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The Guardian and the Muslim “Moderates”

This is a guest post by DaveM

An article by Haroon Siddique in Comment is Free is entitled “Who’s listening to the Muslim moderates?” attracted my attention.

In it he writes:-

“..how many times have we read or heard calls for moderate Muslims to speak out about wrongs supposedly carried out in the name of Islam?

Politicians including Tony Blair and various commentators – here’s a Telegraph leader – have urged the moderate voice of Islam to make itself heard above the din of extremist preachers.

Last week, one of the most respected clerics in Shia Islam, Lebanon’s grand ayatollah Mohammed Hussein Fadlallah, condemned the perpetrators of an attack against pilgrims in Iraq as “murderers and animals” and called for the repudiation of a school of thought that it was permissible to spill the blood of Muslims “who embrace another doctrine, or believe in alternative political views”.

While in this case the victims – as well as the attackers – were Muslim, Fadlullah, one of the Muslim world’s few Grand Ayatollahs (they have the authority to make legal decisions within the confines of Islamic law for followers and lower-rank clerics) was condemning the phenomenon of “takfir”, which sees some militant Muslims regard non-believers as a legitimate target.

If you do not remember reading or hearing about his comments that is probably because you did not. His words, reported by Reuters, might have been expected to be picked up by the same media which regularly feature writers bemoaning a lack of moderate Muslims. But there was no mention of his strong words in the British papers, their websites or that of the BBC.” [my emphasis]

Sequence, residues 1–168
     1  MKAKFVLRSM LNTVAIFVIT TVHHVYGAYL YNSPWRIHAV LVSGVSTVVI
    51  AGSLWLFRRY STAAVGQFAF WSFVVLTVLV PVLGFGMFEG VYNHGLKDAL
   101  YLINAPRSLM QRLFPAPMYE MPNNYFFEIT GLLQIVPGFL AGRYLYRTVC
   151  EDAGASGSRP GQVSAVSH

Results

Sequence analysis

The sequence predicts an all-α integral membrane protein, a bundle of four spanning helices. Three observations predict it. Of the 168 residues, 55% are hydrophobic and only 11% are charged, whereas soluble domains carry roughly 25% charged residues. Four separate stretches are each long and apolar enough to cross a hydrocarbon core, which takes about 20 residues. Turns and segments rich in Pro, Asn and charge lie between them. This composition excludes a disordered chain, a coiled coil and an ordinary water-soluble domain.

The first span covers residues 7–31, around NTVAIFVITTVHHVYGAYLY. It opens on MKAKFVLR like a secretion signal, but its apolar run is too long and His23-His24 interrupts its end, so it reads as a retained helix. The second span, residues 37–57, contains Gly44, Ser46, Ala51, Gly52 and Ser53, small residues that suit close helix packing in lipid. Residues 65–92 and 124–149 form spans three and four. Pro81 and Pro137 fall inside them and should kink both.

This may have something to do with the fact that Mohammed Hussein Fadlallah is in fact better known in his capacity as the Spiritual Guide to Hezbollah. Which is as about as far from moderate as you can get this side of Al Qa’eda and the GIA.

It’s nothing more than one extremist condemning another even more extremist – how is this even connected in any way to moderate Muslim views?

Surely the sole reason he condemned the attacks on Iraqi pilgrims is because the victims were Shia. There hasn’t been so much of a murmur of condemnation from him in regards to Hezbollah violence.

When Ian Paisley used to only condemn IRA violence and stay silent when it came to Loyalist terror, nobody was naïve enough to think this was evidence of moderate Unionist opinion being sidelined by the mainstream media. So why assume that in the case of Fadlallah?

I brought this to the attention of Sidique and he responded as thus

“Davemm. I don’t believe I referred to him as a liberal anywhere.

And I didn’t even called him a moderate, rather referred to his comments in the context of the ongoing clamour for moderate Muslim voices. [what does that even mean?]

Fadlallah has called for armed resistance to the Israeli occupation of Lebanon and the West Bank and Gaza, which may well preclude him from being a moderate. On the other hand he has championed women’s rights in a way that we take for granted in this country but which is rare among Islamic clerics.